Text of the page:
Photo/video credit: Jesse Ramirez and Alex Horcasitas, Weaponize

USC’s Fathom II rocket broke the current Spaceport America Student record when it reached an altitude of 144,000 feet (27.27 miles) after blasting off from Spaceport America’s vertical launch campus in New Mexico

The record-breaking rocket launch took place at 9:23 am MST from Spaceport America’s Vertical Launch Complex-1 on the East Campus in New Mexico on March 4, 2017.

USC students and Alumni cheered alongside Spaceport America crewmembers as the Fathom II rocket soared past the previously held apogee to bring back the Spaceport America Student Rocket record to USC’s Viterbi School of Engineering.  Viewers around the world were also joining in via Spaceport America’s, and Facebook Live channels with over 4,000 views.

“The USC RPL student team continues to amaze us with their ingenuity, energy and ambition. This success is another milestone in their development and a great promise for the key role they will surely play in space travel and exploration,” said Yannis C. Yortsos, Dean of the USC Viterbi School of Engineering.

The USC Fanthom II rocket reached an altitude of 144,000 ft (27.27 miles) as indicated by analysis of on-board image data, and independently corroborated by analyzing on-board accelerometer data and barometric pressure data during descent.

“Spaceport America congratulates USC Viterbi School of Engineering’s Rocket Propulsion Lab student team on this milestone achievement,” said Daniel Hicks, Chief Executive Officer Spaceport America.

Boeing CST-100 Starliner Parachute System Test Launch Lifts off Successfully from Spaceport America in New Mexico

In collaboration with teams from Boeing and White Sands Missile Range, a giant helium-filled balloon lifted off from Spaceport America in New Mexico, carrying a flight-sized boilerplate Starliner spacecraft up to about 40,000 feet where it floated across the San Andres Mountains for a parachute landing on the other side. The goal was for the spacecraft to reach the same velocity it would experience during a return from space and for the parachutes to deploy as planned.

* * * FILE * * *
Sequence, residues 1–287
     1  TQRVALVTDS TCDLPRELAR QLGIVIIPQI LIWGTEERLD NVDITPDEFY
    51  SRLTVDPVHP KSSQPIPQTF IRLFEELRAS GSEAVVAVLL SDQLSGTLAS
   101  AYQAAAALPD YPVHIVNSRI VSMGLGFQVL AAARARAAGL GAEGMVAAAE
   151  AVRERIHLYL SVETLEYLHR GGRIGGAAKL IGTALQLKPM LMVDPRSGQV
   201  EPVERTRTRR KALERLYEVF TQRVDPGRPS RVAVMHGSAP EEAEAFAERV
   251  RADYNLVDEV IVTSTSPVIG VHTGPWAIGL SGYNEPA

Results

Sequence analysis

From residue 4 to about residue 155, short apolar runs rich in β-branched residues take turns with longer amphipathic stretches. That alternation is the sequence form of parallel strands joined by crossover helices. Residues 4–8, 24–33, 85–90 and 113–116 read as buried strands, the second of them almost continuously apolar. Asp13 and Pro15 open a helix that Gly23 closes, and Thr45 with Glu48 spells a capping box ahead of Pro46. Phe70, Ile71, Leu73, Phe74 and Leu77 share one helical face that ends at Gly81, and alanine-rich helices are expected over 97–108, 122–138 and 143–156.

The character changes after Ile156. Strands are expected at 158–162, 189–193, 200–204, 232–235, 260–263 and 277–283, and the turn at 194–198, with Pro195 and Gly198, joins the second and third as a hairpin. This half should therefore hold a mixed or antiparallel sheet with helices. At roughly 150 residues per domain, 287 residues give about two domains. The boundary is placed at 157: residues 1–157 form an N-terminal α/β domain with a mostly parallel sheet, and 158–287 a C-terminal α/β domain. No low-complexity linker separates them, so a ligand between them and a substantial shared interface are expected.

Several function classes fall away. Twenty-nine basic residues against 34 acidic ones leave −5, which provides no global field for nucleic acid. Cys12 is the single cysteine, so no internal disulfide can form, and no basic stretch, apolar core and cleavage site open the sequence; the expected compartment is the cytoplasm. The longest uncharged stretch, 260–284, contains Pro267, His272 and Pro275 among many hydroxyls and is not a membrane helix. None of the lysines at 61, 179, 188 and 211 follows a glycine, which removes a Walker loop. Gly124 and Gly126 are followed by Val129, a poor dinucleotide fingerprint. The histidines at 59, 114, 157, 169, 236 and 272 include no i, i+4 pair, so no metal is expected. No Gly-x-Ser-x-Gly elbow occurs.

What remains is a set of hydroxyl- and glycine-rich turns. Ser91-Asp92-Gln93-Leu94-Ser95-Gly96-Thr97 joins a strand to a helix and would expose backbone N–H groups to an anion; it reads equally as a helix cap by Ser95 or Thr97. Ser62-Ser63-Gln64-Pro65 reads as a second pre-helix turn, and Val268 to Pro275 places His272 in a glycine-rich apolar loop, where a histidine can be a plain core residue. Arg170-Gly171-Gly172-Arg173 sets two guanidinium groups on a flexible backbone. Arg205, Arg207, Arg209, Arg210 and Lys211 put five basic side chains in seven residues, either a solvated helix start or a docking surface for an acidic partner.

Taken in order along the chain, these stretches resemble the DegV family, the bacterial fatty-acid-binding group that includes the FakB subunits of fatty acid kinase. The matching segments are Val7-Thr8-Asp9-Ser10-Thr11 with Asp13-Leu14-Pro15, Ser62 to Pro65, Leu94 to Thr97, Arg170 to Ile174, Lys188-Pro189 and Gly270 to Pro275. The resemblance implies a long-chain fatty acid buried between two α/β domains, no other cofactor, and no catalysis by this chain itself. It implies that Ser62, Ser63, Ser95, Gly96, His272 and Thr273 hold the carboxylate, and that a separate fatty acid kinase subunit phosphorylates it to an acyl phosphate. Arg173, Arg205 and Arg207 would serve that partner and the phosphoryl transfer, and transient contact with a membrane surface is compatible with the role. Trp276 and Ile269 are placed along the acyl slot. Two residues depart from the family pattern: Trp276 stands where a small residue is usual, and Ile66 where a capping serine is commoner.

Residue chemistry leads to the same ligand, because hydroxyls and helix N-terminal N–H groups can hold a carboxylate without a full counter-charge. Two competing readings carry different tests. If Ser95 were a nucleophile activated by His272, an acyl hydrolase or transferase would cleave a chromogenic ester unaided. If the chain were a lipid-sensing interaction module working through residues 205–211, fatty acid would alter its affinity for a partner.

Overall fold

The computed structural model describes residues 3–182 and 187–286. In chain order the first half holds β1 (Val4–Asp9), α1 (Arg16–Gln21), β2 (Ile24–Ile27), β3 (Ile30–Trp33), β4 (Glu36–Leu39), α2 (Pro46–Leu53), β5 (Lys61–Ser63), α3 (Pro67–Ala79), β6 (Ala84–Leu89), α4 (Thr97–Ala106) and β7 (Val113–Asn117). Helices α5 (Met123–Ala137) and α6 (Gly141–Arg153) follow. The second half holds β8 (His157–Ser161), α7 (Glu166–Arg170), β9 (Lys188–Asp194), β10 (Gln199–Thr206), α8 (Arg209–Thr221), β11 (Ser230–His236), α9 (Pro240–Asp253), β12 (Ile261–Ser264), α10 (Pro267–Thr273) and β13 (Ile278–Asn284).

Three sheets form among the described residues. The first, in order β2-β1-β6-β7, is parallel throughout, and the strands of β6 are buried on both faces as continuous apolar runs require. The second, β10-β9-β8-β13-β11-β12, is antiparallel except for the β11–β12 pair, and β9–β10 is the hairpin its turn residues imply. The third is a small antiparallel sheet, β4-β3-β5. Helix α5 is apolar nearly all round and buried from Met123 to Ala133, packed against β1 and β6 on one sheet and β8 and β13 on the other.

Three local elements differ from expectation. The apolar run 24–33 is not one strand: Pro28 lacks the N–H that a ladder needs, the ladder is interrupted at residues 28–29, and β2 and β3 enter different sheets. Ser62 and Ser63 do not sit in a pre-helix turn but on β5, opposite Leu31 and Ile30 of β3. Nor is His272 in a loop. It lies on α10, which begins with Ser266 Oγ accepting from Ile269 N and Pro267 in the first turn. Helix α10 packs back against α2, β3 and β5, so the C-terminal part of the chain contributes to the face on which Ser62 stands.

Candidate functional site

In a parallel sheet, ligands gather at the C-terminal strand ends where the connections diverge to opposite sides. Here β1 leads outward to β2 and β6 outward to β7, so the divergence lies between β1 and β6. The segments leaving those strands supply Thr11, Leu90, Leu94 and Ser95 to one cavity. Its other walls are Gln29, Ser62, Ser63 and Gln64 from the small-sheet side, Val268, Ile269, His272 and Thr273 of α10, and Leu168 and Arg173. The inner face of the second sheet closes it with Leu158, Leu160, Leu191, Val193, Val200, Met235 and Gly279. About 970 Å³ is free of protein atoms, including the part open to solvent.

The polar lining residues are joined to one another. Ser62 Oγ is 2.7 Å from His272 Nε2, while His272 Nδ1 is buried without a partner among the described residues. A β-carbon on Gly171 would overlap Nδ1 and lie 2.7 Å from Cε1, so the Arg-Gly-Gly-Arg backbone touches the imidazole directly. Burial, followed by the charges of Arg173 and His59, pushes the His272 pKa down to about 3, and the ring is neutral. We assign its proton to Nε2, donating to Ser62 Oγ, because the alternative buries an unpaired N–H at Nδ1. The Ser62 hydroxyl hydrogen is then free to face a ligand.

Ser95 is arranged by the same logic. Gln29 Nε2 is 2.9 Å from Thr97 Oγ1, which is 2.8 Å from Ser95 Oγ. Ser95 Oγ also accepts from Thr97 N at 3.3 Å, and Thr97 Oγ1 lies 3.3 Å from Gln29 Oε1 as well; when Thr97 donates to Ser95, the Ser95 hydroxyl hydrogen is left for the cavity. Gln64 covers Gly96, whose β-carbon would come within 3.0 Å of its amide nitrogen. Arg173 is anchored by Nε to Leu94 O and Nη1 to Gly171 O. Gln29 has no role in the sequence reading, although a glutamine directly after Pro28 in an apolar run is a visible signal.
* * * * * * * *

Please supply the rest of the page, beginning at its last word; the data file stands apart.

“We took another step toward returning a domestic crew launch capability to the U.S.,” said John Mulholland, Vice President and Program Manager, Boeing’s Commercial Crew Program. “Our team is reviewing the data from this first successful test and gearing up for a few more drops that will enable us to qualify our parachutes for spaceflight.”

Data collected from these tests will be used to verify the parachute inflation characteristics and landing system performance, as well as the altitude and descent rate of the Starliner at touchdown.

“We are proud that Boeing chose Spaceport America as a test location for the CST-100 Starliner,” said Daniel Hicks, Chief Executive Officer Spaceport America.  “It’s been a privilege to support this important endeavor in returning human spaceflight launch capabilities to NASA and the United States.”

The results of these mission-critical tests will confirm that the Starliner’s parachute system can stabilize and decelerate the crew module to a nominal terminal descent velocity, such that a landing on the Earth’s surface can be safely accomplished.

Boeing’s Crew Space Transportation CST-100 Starliner spacecraft is being developed in collaboration with NASA’s Commercial Crew Program. The Starliner was designed to accommodate seven passengers, or a mix of crew and cargo, for missions to low-Earth orbit. For NASA service missions to the International Space Station, it will carry up to four NASA-sponsored crew members and time-critical scientific research. The Starliner has an innovative, weldless structure and is reusable up to 10 times with a six-month turnaround time. It also features wireless Internet and tablet technology for crew interfaces.